Easily edit .VMX file with Veeam Backup Free Edition

Sometimes the easy things in life come along and make your day so much better. Recently I found a very easy way to edit .VMX files with Veeam Backup Free Edition. This technique was used before with FastSCP (now replaced by Veeam Backup Free Edition) with the FastSCP Editor. This editor is still available in Veeam Backup Free Edition (as well as the paid versions, of course) and makes editing .VMX files very easy!

While there are a number of reasons why you may want to edit the .VMX file, and because of such there are a few guidelines. First, don’t do this on a powered-on virtual machine, because it may cause unexpected behavior. Granular options like setting a fixed log file size for the virtual machine, nested Hyper-V on vSphere, keyboard type delay, and more may be needed to provide granular configuration options for a virtual machine.

As it turns out, we need to get into .VMX files from time to time. In fact, sometimes we also just want to read them. Whether we are going in to edit or read the .VMX file, the FastSCP Editor really makes both options quite easy to do because Veeam Backup Free Edition inventories the entire vSphere environment, including the datastores. This provides visibility into the datastores, for basic file copy operations which we have historically used with FastSCP.

1. First, right-click to launch the FastSCP Editor on a .VMX file (or any text file on an NFS or VMFS datastore) as shown below:

image

2. Once the Edit option is selected, the FastSCP Editor will open the editor directly from the datastore. This means that there is no need to copy it down, open it within Notepad or your favorite editor and then copy it back.

3. Begin editing!

Should you have a favorite editor, (and that’s fine, if you do!) you can do keyboard shortcuts for select all (CTRL+A), copy (CTRL+C) and paste (CTRL+V) to move the .VMX files back and forth to your preferred text editor or from a website with a value you need.

The FastSCP Editor is shown below:

image

FastSCP Editor makes editing .VMX files on NFS or VMFS datastores very easy! The best part is that this is included with Veeam Backup Free Edition. While this isn’t new (in fact it is quite old in Veeam-speak); it still is very useful , and it can let you get into datastores without having to put files on your local filesystem and then put them back directly. Let the free tool do it for you!

Do you use the FastSCP Editor for tasks other than .VMX files? If so, how? Share your tips below.

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8 Comments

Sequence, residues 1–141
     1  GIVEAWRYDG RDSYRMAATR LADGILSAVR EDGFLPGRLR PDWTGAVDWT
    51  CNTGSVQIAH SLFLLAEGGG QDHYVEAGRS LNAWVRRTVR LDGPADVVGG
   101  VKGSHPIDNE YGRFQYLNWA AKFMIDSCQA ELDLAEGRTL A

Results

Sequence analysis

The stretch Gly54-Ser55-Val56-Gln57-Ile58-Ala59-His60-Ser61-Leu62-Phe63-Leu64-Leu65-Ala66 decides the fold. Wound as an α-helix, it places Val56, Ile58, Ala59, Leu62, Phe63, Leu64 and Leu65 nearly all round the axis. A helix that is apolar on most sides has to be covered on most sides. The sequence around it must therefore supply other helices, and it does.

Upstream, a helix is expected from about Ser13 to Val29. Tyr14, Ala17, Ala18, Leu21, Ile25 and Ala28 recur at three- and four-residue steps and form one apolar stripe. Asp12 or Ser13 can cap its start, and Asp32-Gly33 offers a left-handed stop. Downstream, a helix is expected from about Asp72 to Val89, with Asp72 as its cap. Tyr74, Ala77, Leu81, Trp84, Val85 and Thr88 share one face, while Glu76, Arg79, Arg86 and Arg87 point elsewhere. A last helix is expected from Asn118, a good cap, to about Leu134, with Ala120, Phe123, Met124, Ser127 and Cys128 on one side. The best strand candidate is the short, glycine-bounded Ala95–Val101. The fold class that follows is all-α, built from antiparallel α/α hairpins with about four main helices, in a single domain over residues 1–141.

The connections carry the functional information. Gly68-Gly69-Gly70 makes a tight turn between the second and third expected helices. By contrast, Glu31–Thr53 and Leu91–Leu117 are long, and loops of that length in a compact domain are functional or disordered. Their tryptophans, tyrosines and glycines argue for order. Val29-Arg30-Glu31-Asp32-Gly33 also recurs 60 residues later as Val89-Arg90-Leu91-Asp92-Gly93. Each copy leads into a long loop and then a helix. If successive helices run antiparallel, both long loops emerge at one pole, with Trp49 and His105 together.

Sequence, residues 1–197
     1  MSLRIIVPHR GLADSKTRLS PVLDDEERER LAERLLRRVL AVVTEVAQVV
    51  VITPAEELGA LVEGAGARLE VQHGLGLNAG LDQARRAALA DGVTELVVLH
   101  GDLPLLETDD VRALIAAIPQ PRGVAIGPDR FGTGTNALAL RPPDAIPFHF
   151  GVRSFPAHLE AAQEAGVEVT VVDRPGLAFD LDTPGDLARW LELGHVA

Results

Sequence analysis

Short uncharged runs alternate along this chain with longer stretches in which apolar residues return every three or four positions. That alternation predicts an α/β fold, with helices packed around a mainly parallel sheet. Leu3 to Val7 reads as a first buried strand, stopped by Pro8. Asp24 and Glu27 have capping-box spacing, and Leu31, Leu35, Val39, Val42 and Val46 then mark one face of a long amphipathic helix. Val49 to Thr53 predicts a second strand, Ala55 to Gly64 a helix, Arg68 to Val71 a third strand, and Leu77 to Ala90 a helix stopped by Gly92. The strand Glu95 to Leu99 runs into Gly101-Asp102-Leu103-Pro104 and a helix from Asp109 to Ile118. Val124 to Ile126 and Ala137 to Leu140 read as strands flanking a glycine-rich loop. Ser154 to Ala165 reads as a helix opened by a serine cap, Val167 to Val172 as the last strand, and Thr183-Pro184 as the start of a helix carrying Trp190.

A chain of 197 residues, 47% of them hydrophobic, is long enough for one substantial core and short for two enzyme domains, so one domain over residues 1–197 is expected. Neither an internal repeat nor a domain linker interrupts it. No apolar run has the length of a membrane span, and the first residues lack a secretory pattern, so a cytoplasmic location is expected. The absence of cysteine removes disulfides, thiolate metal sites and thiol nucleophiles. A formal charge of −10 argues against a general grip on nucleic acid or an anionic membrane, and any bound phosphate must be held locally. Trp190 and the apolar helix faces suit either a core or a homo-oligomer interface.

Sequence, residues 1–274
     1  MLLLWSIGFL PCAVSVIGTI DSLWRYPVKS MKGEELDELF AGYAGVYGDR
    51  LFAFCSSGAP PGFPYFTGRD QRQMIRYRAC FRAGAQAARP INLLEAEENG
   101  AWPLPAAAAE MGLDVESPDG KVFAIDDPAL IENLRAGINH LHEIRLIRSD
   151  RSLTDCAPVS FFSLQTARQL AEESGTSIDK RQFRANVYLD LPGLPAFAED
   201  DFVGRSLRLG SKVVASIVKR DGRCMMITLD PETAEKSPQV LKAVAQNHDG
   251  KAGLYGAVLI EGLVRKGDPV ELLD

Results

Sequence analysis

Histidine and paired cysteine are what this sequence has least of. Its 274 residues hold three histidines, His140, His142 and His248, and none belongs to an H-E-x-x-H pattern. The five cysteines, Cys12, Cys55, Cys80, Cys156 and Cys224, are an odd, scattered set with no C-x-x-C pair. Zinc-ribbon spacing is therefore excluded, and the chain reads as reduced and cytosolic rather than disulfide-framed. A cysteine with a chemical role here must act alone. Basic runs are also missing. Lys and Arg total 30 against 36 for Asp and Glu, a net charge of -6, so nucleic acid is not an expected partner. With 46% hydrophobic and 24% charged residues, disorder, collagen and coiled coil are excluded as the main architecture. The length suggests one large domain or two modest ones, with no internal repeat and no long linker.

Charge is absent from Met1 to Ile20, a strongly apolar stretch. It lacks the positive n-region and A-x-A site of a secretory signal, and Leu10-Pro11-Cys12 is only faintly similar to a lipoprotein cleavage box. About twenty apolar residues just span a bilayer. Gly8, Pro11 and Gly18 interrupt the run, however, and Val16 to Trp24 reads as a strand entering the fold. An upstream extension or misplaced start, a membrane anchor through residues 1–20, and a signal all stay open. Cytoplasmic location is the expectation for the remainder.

• Near Time Replication says:

    Ok, this is unrelated to the blog article, but I am wondering how W2012 and ESX5.1 will affect Veeam.

    One of the most compelling parts of the Veeam functionality is the Near-Real-Time-Replication of Hyper-V and ESX virtual machines.

    ESX5.1 has this built in. W2012 Hyper-V also has this built in (Hyper-V replica)

    Where does that leave Veeam?

  • Rick.Vanover says:

    Hi Smith. There are a number of situational differences. The first is that there will always be a need for high-featured backup, and remember Veeam Backup & Replication is both a backup and replication engine.

    Specifically regarding replication, the ability to recover from multiple replica restore points, file restore from replicas, and smart failback (changed transfer + source merge), etc.

  • Veeamuser says:

    Hi!

    I just tried this with 6.5..(paid version :-))

    and while trying to edit the vmx-file for a powered-off vm called dc01 I got:
    “Could not find file ‘C:\Users\Administrator\AppData\Temp\VeeamTextEditor\DC01.vmx’.”

    This is on a a windows server 2008R2(the veeam backup server in our lab)

  • Rick Vanover says:

    Interesting – that should work….. Not sure what is going on here. Are all VMs behaving the same?

  • nvizor says:

    Cool tip. Was looking for this feature desperately. Thanks!

  • Hendro says:

    How to move vm-ware from one server to another server?

  • mlevkina says:

    Hi Hendro, sorry for the delayed reply! Do you mean how to move a VMware VM from one VMware ESXi host to another? If so, please use Veeam Quick Migration. Select a VM you want to move, right click and choose Quick Migration…

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